If you’re standing on the Vermilion Cliffs at sunset, looking south towards the Grand Canyon, there’s a good chance you might see a wonder of the West, the California condor. As this largest bird in North America glides over 3,000-foot-high cliffs, its wingspan of 10 feet wide makes its presence unmistakable.
In other places along the rim of the Paria Canyon-Vermilion Cliffs Wilderness, high above the Colorado River, the sheer size of the landscape can dwarf the great birds. Visitors lose perspective. Looking out across the heart of the Colorado Plateau towards Flagstaff, Ariz., even the largest birds on the continent seem like black receding dots over ancient canyons.
John Nielsen, author of a book called Condor, writes, “Those birds would have seen the Anasazi culture thrive in the Vermilion Cliffs for roughly 2,000 years, and then watched whatever it was that caused the Anasazi to vanish without a trace.”
The Vermilion Cliffs may be a great place to see condors, but it is not a place for the faint-hearted. The Bureau of Land Management advises, “Visits to the area require special planning and awareness of potential hazards such as rugged and unmarked roads, poisonous reptiles and insects, extreme heat or cold, deep sand and flash floods.” My kind of place! I agree with the BLM’s advice to bring “a spare tire, and plenty of water, food and gasoline.” Shovels are also a necessity, and so is car-caravanning for support while driving for miles on treacherous sand. On a five-day car-camping visit, I saw no one.
The remoteness of the Vermilion Cliffs on the east side of the Arizona Strip is exactly why federal agencies selected the area as the perfect location to re-introduce endangered condors. The effort began in the mid-1990s, after a captive breeding program in California saved the species from dying out. Now, on the southwest corner of the rim, holding and feeding pens allow young condors to acclimate to the wild, while specialists with the U.S. Fish and Wildlife Service use hand puppets to feed roadkill to juvenile birds. This is supposed to fool the birds into thinking humans are not involved. It seems to work, though condors have been quick to note the connection between tourists and tasty meals.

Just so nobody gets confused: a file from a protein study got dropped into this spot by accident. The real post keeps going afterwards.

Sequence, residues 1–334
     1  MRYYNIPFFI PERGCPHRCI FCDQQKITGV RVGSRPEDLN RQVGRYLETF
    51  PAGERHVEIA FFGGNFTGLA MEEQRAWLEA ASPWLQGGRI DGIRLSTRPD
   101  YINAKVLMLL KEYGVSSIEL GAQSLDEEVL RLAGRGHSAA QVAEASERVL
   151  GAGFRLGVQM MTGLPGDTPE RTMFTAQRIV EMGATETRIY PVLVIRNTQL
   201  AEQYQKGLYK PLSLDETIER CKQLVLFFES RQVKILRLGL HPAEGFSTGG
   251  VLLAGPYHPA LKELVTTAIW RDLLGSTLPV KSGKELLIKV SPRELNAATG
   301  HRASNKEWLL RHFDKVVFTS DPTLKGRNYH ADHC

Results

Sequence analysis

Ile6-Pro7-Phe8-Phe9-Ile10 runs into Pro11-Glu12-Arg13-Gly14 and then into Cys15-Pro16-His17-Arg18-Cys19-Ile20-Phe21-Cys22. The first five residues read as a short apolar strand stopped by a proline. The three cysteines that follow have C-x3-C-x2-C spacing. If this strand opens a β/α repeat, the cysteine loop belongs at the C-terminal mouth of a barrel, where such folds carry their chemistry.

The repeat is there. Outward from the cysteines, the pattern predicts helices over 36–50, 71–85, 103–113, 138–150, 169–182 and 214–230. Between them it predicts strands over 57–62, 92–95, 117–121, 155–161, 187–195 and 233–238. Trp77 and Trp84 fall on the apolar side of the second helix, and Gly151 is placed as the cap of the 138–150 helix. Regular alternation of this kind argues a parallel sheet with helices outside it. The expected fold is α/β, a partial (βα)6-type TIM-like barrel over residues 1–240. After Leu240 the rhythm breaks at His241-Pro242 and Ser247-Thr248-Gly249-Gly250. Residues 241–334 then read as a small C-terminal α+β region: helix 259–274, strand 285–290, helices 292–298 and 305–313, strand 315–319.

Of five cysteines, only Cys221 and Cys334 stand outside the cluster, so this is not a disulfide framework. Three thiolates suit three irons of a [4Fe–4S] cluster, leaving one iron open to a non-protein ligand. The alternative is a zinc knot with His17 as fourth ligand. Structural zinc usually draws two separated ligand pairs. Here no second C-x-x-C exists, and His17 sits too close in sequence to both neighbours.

While eating lunch on the rim not long ago, three hiking couples from Durango, Colo., and St. George, Utah, who love the area and call themselves the “rimhuggers,” watched a young juvenile with number 43 attached to both wings land 50 feet away, and then hop closer. At 15 feet the bird ducked its head like it was bowing, dipped its wings, and, in what passes for “condorese” -- begged for sandwiches. The group refused, though it is not easy to say no to a condor. The same bird had been dive-bombing rafters on the Colorado River, landing on rocks and reportedly seeking the exotic treat of pastrami. He was later taken back for “re-education” and a healthier diet of dead rabbits.
Grand Canyon guide Wayne Ranney believes that California condors evolved with Paleo-Indians thousands of years ago. He thinks that before the extinction of megafauna like woolly mammoths, condors cruised in for the banquet after early man killed these large beasts. These days, the birds’ affinity for human-killed carrion has not been good for their health. When the birds feast on animals killed by hunters, they can also consume bullets contained in the carcass, and these bullets contain highly poisonous lead.
For tourists, the scavengers are a wild treat. They spot them on patrol over the Grand Canyon as they practice aerial acrobatics below Navajo Bridge, close to Marble Canyon. A few years ago, a pair of condors even flew as far north as Grand Mesa near Grand Junction, Colo., startling folks in a visitors’ center.
But to truly see them in their element dipping, diving, swooping, gliding, you need to walk the rim of the Vermilion Cliffs. I saw condor 25 recently. The bird silently drifted over us, white patches under its wings, feathers at the wing tips splayed out like spread fingers, a vision from another epoch. In autumn light, as shadows stretched deep into canyon bottoms and that lovely orange-gold light climbed cliffs, the vastness of northern Arizona seemed to stretch forever. And what seemed the shadow of a low-flying jet plane was nothing more – nor less – than a Pleistocene bird, back from the brink of extinction.
Andrew Gulliford is a contributor to Writers on the Range, a service of High Country News in Paonia, Colorado (hcn.org). He is a professor of Southwest Studies and History at Fort Lewis College.
- Traci Amborn on Fracking is the big new gun
- Deb Dedon on Should the president of the Navajo Nation speak Navajo?
- Deb O'Neill on Wyoming grapples with how to fund wildlife conservation
- Bill Williams on Wyoming grapples with how to fund wildlife conservation
- Nathan Johnson on Wyoming grapples with how to fund wildlife conservation